Wittgenstein revolutionized analytic philosophy by insisting that language should be studied when it is functioning, rather than when it is idling. He introduced the concept of a language game as a basic functioning unit for analysis. We will extend the Wittgensteinian approach by focusing on theories when they are functioning, rather than idling. The issue of realism enters in a functional way. What entities and properties are treated as real in experimental descriptive accounts? A clarification of this issue can then be related to the general problem of scientific realism.
A sketchy contrast with more traditional treatments of scientific realism highlights the distinctive features of the present approach. Philosophers have developed different ways of analyzing theories to determine their ontological import. Both the syntactic and the semantic approaches require the formulation of a theory as an uninterpreted mathematical formalism and then impose a physical interpretation through the denotation of basic terms in the axiomatic method, or through the imposition of models in the semantic method. This methodology requires that the abstract mathematical formulation has a consistency independent of the interpretation imposed on it. The ontology is essentially an answer to the question: “What must the world be like if this theory is true of it?”   contrasts such foundational interpretations with “folklore” interpretations, where the folklore presumably stems from the physics community. In Wittgensteinian terms, a foundationalist interpretation is analyzing a theory when it is idling.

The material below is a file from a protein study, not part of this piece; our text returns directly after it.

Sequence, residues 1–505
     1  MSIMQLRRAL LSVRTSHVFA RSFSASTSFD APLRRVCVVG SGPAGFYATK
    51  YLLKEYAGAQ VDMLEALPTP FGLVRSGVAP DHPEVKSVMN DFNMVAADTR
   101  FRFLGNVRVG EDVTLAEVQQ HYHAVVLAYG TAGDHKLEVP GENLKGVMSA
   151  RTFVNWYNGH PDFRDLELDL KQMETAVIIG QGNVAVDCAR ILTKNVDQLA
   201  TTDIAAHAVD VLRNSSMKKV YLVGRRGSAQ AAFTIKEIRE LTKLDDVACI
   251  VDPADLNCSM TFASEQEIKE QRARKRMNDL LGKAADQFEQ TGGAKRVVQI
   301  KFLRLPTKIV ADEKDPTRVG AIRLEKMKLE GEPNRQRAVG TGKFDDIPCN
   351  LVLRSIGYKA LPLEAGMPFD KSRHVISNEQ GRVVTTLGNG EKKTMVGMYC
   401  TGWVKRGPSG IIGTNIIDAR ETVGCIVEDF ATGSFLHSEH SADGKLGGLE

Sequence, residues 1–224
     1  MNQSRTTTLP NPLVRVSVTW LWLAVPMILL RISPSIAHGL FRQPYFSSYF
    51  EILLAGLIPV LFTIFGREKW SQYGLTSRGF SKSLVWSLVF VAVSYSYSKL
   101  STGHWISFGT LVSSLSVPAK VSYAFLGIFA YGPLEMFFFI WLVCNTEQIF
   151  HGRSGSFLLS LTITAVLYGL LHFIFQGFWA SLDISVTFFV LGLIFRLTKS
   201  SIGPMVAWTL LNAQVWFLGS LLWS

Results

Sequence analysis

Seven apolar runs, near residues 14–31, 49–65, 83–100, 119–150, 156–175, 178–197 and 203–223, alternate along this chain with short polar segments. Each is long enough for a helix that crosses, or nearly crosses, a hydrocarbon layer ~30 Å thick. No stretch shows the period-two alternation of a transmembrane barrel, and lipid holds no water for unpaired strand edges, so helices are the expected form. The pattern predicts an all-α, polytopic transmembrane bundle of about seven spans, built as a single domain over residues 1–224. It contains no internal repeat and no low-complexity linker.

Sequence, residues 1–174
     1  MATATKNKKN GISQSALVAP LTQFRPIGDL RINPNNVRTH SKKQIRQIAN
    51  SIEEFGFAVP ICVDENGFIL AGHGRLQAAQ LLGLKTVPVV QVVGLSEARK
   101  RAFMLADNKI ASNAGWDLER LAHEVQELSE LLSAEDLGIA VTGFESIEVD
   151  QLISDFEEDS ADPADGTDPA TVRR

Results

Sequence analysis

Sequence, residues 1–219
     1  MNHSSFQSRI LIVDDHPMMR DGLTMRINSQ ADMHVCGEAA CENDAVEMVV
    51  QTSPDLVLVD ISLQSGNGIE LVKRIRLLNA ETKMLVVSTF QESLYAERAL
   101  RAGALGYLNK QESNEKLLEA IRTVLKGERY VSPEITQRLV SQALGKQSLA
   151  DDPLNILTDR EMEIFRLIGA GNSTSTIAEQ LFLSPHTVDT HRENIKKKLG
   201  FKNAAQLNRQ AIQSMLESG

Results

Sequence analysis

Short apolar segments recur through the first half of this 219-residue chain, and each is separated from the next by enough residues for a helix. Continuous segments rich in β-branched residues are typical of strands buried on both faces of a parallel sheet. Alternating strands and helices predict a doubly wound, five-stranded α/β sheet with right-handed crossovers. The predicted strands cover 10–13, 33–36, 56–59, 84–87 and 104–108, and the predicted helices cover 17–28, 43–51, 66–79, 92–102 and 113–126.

2. Quark-Gluon Plasma
We begin by analyzing an experimental program that has the double distinction of being the most extensive sustained experimental analysis performed by physicists and being the experimental program least analyzed by philosophers of physics. The experimental search for a quark-gluon plasma (QGP) has consumed more man-hours that any other experimental search in the history of physics, with the possible exception of the search for the Higgs particle. It is an attempt to clarify a phenomenon that is assumed to have played a decisive role in the formation of the universe. It also supplies a crucial test for the standard model of particle physics. Yet, to the best of my knowledge, it has not received any serious analysis from philosophers of science. I suspect that the major reason for this inadvertence is that the pertinent information is scattered through hundreds of technical articles stretching over more than two decades. It seems appropriate, accordingly, to present a non-technical summary before relating this to the theory-phenomenon interface.